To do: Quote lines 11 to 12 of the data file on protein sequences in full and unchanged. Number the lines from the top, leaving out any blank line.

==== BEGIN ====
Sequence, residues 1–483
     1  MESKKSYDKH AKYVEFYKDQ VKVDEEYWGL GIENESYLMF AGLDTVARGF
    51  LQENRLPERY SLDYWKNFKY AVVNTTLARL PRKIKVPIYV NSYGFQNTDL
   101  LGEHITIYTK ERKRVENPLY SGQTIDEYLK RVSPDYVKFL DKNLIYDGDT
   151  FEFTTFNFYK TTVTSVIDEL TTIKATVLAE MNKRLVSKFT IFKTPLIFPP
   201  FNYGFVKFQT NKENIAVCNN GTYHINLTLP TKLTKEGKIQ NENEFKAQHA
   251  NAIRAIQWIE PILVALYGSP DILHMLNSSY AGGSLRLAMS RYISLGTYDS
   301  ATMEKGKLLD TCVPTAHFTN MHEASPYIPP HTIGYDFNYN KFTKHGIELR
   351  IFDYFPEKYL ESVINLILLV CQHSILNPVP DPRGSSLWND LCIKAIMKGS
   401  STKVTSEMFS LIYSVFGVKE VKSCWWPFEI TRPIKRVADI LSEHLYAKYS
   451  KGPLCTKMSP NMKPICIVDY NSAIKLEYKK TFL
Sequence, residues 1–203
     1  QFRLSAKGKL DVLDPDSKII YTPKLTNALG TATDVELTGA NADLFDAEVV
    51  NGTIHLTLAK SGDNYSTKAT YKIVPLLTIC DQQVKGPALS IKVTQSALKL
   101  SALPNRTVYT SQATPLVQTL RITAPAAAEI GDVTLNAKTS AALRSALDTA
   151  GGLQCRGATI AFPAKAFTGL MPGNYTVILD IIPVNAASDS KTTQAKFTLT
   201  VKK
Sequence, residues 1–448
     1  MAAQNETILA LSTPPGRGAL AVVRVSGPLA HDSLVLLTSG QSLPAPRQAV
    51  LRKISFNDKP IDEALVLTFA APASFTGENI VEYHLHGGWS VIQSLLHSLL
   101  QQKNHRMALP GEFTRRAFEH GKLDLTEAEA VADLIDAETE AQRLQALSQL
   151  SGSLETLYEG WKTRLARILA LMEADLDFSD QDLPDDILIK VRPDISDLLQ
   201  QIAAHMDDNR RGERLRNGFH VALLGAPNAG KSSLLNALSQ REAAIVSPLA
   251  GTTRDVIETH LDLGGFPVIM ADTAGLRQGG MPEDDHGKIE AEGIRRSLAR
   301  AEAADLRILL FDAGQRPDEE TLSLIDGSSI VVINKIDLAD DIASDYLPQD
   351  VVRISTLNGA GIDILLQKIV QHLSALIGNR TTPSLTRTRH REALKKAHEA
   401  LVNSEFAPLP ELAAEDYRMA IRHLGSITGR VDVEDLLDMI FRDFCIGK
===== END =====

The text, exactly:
   451  KGPLCTKMSP NMKPICIVDY NSAIKLEYKK TFL
Sequence, residues 1–203